The OQ protocol must be supported by SOPs on topics such as operating, cleaning, assembling and calibrating the equipment and perform routine maintenance programs.

Performance Qualification

The PQ is the heart of validation. The PQ is a confirmation that the equipment will continue to operate as expected under routine and challenged conditions of operation and that the outcome is acceptable. It is basically about challenging the equipment to confirm its operation within the established limits of operation. This run must be demonstrated repeatedly in 3 consecutive successful runs. For example, in validation a heat sealing unit with parameters for temperature, pressure and dwell time, the PQ is to demonstrate the two extremes of operation that would most likely result in a poor seal like a set of conditions for the highest acceptable temperature, highest acceptable pressure and the longest acceptable dwell time and a second set of conditions for the lowest of all parameters.

Generally, for equipment systems like a clean room, purified water system or compressed air systems, it might be appropriate to perform an IQ/OQ on system components and then a PQ on the system as a whole.

Validation Plan Format:

1.0 Purpose
2.0 Scope
3.0 Responsibility
4.0 Protocol
4.1 IQ
4.2 OQ
4.3 PQ
5.0 Acceptance criteria
6.0 Documentation requirements
7.0 References.


A process is the controlled interaction of components, equipment, environment, software and personnel to produce a product or achieve an acceptable outcome. The validation protocol simply describes a plan that demonstrates consistency in processing and confirms that all component, processing and product specifications are appropriate and attainable under ideal and challenged conditions.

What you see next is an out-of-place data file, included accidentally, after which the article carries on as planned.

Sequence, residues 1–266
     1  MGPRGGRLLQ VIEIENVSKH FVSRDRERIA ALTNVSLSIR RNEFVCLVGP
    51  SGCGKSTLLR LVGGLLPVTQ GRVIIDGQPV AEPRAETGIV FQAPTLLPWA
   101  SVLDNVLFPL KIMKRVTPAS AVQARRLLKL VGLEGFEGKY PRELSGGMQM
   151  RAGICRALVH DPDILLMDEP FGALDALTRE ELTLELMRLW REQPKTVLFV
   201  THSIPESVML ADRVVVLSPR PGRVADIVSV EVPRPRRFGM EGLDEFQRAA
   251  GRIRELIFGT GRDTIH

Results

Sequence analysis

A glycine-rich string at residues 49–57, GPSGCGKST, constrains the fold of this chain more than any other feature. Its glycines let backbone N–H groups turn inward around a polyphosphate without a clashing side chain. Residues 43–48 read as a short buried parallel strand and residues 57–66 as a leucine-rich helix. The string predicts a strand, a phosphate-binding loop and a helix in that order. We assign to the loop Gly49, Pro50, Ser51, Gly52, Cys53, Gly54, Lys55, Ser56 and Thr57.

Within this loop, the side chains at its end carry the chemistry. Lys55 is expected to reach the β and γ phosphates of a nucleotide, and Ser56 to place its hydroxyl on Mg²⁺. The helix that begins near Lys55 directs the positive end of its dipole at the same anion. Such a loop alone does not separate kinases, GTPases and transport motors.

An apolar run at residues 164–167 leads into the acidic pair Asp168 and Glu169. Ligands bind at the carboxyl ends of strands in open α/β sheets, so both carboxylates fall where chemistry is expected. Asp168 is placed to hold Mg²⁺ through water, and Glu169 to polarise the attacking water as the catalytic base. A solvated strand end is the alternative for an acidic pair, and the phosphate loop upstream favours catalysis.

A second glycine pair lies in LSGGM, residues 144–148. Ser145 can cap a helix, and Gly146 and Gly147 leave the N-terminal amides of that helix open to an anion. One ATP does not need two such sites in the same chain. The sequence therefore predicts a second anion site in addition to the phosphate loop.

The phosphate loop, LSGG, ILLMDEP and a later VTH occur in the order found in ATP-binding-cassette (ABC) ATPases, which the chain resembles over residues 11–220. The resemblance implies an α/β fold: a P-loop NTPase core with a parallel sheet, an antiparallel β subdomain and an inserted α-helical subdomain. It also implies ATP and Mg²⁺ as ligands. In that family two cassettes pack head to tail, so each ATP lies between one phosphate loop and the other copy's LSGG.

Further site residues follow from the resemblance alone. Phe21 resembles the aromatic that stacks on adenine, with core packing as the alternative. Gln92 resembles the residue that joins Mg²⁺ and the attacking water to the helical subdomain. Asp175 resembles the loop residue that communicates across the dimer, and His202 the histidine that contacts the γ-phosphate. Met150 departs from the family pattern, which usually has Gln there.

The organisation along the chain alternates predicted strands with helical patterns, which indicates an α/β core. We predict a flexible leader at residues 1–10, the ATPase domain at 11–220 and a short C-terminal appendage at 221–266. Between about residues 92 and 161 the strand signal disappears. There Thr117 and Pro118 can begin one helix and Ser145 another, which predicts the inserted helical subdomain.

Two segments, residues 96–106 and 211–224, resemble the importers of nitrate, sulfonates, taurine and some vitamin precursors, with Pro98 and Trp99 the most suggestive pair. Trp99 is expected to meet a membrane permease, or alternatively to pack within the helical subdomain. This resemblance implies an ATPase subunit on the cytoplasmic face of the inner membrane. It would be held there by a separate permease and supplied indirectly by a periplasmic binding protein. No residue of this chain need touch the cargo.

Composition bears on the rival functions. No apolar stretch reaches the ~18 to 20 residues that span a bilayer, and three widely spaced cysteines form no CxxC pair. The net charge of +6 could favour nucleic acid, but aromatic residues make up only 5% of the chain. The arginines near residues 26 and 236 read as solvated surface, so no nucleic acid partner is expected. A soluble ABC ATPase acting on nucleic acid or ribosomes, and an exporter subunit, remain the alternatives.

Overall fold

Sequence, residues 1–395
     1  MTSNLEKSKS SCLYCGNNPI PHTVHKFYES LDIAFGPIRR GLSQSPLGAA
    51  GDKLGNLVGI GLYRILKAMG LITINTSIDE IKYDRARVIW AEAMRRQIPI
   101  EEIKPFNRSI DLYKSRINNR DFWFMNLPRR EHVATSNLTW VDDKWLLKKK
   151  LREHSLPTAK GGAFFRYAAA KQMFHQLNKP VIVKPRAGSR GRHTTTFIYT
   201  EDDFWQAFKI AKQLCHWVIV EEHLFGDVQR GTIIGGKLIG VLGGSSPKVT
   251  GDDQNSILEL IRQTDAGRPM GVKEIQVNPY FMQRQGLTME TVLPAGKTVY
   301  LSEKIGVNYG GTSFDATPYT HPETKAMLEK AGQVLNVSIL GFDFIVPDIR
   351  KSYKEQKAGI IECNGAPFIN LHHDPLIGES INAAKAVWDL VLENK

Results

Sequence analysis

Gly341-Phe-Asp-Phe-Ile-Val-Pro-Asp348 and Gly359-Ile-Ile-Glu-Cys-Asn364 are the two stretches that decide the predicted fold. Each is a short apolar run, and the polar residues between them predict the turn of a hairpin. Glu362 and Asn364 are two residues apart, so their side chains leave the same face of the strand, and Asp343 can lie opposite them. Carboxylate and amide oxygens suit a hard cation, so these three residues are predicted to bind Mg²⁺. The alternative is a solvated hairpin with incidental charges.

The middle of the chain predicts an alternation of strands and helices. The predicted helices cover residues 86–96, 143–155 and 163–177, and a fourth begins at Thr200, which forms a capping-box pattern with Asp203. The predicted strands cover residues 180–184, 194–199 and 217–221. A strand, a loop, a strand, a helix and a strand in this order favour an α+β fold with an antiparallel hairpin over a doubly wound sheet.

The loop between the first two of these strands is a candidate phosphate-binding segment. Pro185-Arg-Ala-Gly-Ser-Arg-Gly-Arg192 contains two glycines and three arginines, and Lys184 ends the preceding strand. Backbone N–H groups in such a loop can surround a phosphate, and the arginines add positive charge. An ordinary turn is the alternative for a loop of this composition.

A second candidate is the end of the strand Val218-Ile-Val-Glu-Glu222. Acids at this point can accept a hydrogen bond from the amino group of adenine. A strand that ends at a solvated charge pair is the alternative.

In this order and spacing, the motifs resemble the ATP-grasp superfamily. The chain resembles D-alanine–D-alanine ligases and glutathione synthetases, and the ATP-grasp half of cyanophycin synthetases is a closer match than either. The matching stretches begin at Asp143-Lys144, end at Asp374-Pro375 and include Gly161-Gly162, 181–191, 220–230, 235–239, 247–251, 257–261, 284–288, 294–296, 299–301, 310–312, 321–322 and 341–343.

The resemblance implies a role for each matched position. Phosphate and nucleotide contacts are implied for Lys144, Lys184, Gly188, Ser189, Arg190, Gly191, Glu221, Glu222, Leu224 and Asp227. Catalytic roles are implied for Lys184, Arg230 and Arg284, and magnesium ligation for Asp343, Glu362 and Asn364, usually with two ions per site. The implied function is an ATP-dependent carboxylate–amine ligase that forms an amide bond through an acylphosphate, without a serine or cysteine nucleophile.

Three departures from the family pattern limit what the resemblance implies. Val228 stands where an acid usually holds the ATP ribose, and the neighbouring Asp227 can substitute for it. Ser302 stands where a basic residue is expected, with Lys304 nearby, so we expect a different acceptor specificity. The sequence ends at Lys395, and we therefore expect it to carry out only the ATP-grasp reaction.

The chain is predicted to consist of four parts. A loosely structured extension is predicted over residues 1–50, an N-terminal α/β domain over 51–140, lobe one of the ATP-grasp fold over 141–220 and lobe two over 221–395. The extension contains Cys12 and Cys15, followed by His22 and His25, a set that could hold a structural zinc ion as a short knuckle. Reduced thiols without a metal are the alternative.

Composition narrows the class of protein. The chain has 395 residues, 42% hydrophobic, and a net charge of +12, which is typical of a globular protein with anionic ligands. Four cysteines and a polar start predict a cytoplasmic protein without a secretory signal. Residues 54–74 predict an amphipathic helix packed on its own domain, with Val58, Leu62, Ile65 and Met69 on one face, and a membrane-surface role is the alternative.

There are 3 general types of processes in a medical product manufacturing facility:
1) Support process: prepares materials, equipment or environmental areas for the work of manufacturing.
2) Standard manufacturing process: standard events used to process many products.
Equipment dependent, include assembly, formulation, mixing, coating, packaging, labeling and inspection.
3) Product process: a manufacturing process that is product specific.

Process Validation Protocol Format:
1. Purpose
2. Scope
3. Responsibility
4. Process History
5. Process Description/Flow
6. Processing Variables/Controls
7. Worst case challenge and Rationale
8. Validation
8.1 Preliminary operation
8.2 Process qualification
8.3 Product qualification
8.4 Validation Acceptance Criteria
9. Process Change Control

Validation Documents:

Validation Master Plan: This document describes the overall company
commitment to validation and further defines commitments to equipment,
method, software and process validation.

Validation Protocols: Controlled documents that describe how to perform a
Specific validation work/event. They can reference SOPs, specifications and
Manufacturing records, acceptance criteria.

Validation Reports: Narrative summaries of a specific validation event referencing the validation protocol document. It summarizes the data and declare the disposition of the item validated.